Don't Say the ‘P’ Word: Problem Gambling Is More than Harm

Paul Delfabbro, Daniel L. King

Research output: Contribution to journalComment/debate

4 Citations (Scopus)


An important consequence of adoption of public health approaches in the field of gambling studies has been the increasing emphasis afforded to gambling harm. Reducing or eliminating harm has now become the overt stated mission of many government foundations and funding bodies. A by-product of these developments has been the gradual reduction of references to terms capturing the nature of the primary disorder (problem or pathological gambling or gambling disorder) in preference for what are considered to be more neutral or less ‘stigmatising’ terms (e.g. ‘people with gambling harm’). In this paper, we argue that this conflation of gambling harm with the disorder is misguided. Not only does it fail to acknowledge the validity of the disorder but it is also unjustified by evidence and may have unintended negative consequences for both people affected by gambling and the field more generally. In particular, we focus on the clinical and legal advantages of adherence to an individual-centred, pathology model of gambling disorder.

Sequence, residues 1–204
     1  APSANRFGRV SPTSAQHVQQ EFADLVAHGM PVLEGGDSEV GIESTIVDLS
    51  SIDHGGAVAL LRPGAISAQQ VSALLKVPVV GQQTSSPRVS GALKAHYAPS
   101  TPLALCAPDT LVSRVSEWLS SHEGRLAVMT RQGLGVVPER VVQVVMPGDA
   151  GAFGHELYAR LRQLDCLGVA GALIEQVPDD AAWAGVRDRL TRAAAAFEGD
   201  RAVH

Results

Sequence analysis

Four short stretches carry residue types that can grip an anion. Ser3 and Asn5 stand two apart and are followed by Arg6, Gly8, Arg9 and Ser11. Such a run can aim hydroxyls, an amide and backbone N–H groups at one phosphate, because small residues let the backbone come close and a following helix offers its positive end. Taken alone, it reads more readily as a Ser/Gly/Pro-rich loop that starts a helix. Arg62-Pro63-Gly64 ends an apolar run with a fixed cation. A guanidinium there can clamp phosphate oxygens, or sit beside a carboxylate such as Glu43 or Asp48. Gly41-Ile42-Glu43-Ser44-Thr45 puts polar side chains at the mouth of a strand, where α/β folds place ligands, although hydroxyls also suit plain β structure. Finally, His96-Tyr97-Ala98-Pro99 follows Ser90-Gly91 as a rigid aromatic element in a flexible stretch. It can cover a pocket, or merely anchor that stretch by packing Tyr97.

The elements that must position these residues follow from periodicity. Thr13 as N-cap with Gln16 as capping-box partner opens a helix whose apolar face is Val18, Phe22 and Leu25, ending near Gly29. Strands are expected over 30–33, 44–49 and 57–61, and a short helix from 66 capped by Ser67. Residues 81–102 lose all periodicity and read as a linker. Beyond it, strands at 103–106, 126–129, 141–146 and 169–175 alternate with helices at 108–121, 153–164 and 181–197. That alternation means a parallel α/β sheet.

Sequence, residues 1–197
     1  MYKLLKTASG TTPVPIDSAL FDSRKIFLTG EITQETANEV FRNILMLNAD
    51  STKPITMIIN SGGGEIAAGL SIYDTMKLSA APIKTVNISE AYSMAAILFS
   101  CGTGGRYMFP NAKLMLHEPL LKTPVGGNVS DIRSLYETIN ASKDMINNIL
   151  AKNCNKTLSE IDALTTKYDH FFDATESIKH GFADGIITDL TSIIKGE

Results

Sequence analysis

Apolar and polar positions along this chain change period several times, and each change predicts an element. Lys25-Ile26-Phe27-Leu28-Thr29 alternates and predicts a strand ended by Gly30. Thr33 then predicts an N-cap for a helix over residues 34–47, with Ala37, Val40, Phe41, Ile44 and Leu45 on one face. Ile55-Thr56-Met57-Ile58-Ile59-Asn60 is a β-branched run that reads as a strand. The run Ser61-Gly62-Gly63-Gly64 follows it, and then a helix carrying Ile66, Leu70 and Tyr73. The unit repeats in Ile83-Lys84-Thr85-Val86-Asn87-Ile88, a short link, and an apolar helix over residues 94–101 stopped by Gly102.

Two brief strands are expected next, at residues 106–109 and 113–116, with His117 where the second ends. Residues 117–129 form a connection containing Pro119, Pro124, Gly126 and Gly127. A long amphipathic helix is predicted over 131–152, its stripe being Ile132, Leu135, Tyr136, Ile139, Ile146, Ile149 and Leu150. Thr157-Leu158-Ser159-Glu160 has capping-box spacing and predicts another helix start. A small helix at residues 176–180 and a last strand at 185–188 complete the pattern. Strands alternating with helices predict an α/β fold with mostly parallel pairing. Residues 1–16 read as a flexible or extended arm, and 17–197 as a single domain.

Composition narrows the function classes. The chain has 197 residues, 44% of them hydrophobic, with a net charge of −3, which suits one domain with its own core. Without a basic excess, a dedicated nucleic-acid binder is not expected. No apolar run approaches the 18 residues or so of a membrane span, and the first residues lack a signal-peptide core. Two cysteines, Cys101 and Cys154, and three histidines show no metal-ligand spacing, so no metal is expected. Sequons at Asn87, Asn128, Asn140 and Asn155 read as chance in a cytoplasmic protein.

Original languageEnglish
Pages (from-to)835-843
Number of pages9
JournalInternational Journal of Mental Health and Addiction
Issue number3
Publication statusPublished - 27 Apr 2020


  • Harm
  • Language
  • Pathological gambling
  • Problem gambling
  • Psychology
  • Public health
  • Stigma


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